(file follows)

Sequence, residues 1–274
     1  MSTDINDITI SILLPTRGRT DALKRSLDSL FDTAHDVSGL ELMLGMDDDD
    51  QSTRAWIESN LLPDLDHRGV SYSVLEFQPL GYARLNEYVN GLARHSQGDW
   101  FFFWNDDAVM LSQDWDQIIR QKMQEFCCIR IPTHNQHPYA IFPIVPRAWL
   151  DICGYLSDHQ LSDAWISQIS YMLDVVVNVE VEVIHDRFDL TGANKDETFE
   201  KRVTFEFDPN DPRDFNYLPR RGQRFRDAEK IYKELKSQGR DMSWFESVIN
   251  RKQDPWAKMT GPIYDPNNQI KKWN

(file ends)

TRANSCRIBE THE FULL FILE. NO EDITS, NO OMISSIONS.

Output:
Sequence, residues 1–274
     1  MSTDINDITI SILLPTRGRT DALKRSLDSL FDTAHDVSGL ELMLGMDDDD
    51  QSTRAWIESN LLPDLDHRGV SYSVLEFQPL GYARLNEYVN GLARHSQGDW
   101  FFFWNDDAVM LSQDWDQIIR QKMQEFCCIR IPTHNQHPYA IFPIVPRAWL
   151  DICGYLSDHQ LSDAWISQIS YMLDVVVNVE VEVIHDRFDL TGANKDETFE
   201  KRVTFEFDPN DPRDFNYLPR RGQRFRDAEK IYKELKSQGR DMSWFESVIN
   251  RKQDPWAKMT GPIYDPNNQI KKWN